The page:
Wednesday, January 11, 2012

When I Needed a Neighbour, You Were There, It's Just That Up To That Point We'd Never Spoken

The Observer published a major study of identity, belonging and UK attitudes at the weekend, a couple of the charts struck me:

Whether British citizens are born here or not, their weakest sense of belonging is with their local neighbourhood. Around 40% of the people who live around you don't feel like they belong.

For nearly 20% of people, they never feel part of their neighbourhood, and for another 18% there is at least 3 years of loneliness and alienation to get through before they feel that they belong and are accepted.

Here is a twofold challenge for the church, particularly the Anglican church, which works very much on neighbourhoods and the local setting:

 - If you base your identity, appeal and mission on being 'the parish church for x', and then find that 20% of your parish residents don't feel like they belong to x, and a further 20% have, at best, a very weak sense of belonging, what does that do to your mission and ministry in this area?

 (And on a wider front, if the CofE is based on the parish system, in turn premised on a sense of local belonging, and that sense of belonging is missing or tenuous for 40% of the population, then what does that say about the parish system?)

 - How can the local church enable people to feel a sense of belonging to their neighbourhood?

According to the data, (p104) the groups which feel least sense of belonging to their neighbourhood are 25-35s, working people (as opposed to non-working) and white people. The sample sizes start to get a bit small at this level, but this raises a separate question. Does a group who wants to build community (church or otherwise) try to get these groups interested in their neighbourhood, or would they naturally find a sense of community somewhere else (e.g. workplace, club scene, sport)?

not that the church should be organised based on the latest opinion poll, but then neither should it be organised as if it operates in a historical and cultural vacuum. Plenty of chewy questions here...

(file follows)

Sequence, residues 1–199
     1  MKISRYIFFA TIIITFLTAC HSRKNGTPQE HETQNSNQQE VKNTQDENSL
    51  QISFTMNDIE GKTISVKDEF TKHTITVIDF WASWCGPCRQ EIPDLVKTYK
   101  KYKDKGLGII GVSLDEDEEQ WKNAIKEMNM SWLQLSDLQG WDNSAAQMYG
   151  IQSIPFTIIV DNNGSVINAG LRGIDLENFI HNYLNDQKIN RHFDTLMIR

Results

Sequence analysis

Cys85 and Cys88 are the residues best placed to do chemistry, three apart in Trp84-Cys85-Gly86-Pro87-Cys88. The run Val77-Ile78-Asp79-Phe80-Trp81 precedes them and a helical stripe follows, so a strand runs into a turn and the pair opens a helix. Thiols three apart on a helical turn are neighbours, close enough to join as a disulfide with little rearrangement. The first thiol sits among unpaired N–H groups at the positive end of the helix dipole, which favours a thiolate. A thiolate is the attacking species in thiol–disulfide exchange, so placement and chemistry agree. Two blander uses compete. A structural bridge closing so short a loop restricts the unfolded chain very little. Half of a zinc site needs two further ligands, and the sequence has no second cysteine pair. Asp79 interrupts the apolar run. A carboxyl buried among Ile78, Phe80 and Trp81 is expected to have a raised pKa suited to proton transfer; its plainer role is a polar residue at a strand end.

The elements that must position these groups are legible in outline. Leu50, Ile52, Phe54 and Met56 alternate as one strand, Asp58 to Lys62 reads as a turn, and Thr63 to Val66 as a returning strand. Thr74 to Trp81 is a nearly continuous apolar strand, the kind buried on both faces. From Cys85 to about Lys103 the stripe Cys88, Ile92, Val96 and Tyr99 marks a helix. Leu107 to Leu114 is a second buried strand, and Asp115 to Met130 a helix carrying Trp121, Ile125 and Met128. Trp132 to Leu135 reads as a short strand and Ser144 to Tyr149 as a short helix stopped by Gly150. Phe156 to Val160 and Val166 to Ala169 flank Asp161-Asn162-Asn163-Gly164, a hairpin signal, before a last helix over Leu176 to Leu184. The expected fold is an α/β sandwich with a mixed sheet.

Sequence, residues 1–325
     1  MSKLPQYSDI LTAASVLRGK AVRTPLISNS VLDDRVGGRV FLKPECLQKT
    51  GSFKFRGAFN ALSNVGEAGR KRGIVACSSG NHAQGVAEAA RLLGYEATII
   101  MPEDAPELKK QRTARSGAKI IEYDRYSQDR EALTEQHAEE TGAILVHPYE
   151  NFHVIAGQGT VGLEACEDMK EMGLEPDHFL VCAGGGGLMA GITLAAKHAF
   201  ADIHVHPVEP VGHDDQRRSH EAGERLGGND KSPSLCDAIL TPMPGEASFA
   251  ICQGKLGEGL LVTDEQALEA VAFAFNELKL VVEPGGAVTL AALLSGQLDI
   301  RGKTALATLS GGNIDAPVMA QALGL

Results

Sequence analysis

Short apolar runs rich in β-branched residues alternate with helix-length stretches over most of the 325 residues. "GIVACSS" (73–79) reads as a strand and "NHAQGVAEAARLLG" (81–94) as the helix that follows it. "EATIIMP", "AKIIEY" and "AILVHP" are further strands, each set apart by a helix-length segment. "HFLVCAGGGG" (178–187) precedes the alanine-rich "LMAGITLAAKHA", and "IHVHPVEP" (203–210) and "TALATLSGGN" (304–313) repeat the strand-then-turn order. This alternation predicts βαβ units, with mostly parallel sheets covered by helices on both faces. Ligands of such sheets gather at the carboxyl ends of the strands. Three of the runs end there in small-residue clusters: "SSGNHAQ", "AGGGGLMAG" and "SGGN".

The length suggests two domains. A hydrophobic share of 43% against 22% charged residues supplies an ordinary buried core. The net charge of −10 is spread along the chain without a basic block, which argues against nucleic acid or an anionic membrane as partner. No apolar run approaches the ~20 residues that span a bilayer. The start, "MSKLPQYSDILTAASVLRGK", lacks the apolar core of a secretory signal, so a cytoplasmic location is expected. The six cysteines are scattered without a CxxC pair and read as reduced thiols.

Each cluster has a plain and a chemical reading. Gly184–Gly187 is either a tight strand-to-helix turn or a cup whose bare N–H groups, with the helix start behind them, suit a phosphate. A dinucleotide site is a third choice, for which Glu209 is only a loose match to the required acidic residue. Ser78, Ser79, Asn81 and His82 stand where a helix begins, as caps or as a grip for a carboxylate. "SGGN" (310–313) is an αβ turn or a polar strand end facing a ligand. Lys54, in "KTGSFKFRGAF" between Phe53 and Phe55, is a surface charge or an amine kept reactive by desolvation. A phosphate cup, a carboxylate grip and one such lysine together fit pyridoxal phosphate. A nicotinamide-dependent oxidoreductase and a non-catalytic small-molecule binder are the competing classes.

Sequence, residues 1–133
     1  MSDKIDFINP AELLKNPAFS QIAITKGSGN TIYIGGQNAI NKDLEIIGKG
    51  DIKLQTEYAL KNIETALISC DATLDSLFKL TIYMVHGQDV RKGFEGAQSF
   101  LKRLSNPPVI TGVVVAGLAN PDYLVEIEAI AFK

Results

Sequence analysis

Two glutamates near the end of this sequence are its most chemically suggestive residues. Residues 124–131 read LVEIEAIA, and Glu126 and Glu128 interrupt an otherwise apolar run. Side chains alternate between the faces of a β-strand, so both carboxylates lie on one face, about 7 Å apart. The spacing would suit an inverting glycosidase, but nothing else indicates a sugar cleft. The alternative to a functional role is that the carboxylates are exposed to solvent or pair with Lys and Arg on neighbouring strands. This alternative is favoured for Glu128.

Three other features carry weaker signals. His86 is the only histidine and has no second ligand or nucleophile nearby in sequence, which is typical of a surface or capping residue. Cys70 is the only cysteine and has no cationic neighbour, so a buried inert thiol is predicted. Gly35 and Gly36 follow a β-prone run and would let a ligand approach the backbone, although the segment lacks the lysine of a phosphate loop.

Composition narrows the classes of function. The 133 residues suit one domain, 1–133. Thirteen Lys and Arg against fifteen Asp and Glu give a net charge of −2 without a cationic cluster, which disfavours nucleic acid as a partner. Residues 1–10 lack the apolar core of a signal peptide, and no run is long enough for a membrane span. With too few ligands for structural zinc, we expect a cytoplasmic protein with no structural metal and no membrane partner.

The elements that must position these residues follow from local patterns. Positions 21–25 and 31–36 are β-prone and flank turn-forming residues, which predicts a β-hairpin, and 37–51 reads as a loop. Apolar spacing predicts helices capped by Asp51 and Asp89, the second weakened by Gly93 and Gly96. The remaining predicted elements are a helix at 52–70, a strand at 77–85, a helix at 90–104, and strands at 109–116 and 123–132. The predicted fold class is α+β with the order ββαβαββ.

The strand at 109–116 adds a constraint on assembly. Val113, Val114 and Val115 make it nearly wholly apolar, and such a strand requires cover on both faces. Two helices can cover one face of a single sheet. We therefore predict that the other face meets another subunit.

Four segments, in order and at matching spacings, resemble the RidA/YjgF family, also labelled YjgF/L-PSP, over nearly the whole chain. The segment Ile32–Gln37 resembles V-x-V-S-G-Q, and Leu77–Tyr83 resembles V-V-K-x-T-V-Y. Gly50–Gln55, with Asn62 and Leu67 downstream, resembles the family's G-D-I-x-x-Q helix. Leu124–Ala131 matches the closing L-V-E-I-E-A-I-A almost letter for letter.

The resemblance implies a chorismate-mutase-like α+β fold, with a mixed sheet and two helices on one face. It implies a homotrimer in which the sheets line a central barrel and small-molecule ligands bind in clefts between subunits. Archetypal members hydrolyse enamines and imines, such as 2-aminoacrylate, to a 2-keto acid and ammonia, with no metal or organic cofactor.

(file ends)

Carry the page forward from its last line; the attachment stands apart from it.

1. Hmm... The thorny issue of local community. to be honest, I'm surprised that 58% of people said that they feel that they strongly belong to their local community. I would have expected it to be much lower. Perhaps physical sense of community in our neighbourhoods is not dying after all.

    Sometimes I see the CofE parish system as helpful as there is a presence in every village, town and city, but also it is a partly outdated model as community means something very different to people these days than it did 50, 100 or 200 years ago. Straying beyond the boundaries of your own parish is still a no-no, when in reality no one outside of the CofE takes any notice.

    I don't think that the church is going to be effective encouraging people to engage with their neighborhood in any way unless it's built on relationships. We can get involved with existing groups and be a presence or we can look to fill the holes where there is a need. As soon as we try getting people to engage in any way that feels artificial to them, it's going to get their backs up.

  2. well, as one of the mobile generation of higher-educated baby boomers, this comes as little surprise. I was born in Devon, grew up in two different towns in the West Midlands, went to college and began work in London before livig for 16 years in Liverpool. After theological training, our family served a curacy in anpother West Midlands town before moving to our current location in Leicestershire. Which is my local community, and would I feel as much part of it if I didn't fill a traditionally community-oriented role? Increasingly, people are unable or unwilling to live and work in the community in which they grew up. And with a fairly transient population (our village has a population turnover of around 10% per year) the concept of community is probably most apparent to those of school age, or who have school age children, and the elderly. The questions about the CofE's assumptions is, I think, a very valid one but one which few inside the structures of the Church seem willing to grapple with. As sson as questions are raised you will get a chorus of voices arguing for the value of retaining the parish system. But one has to ask whether we really have the resources to sustain this.